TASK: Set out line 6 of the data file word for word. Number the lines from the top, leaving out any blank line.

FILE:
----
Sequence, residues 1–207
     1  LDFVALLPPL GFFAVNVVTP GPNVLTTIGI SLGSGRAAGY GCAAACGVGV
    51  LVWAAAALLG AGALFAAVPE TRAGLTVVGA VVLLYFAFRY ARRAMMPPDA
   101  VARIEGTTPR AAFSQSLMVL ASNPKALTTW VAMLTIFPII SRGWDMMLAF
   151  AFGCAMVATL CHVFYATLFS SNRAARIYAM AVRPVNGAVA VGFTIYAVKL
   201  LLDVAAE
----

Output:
   201  LLDVAAE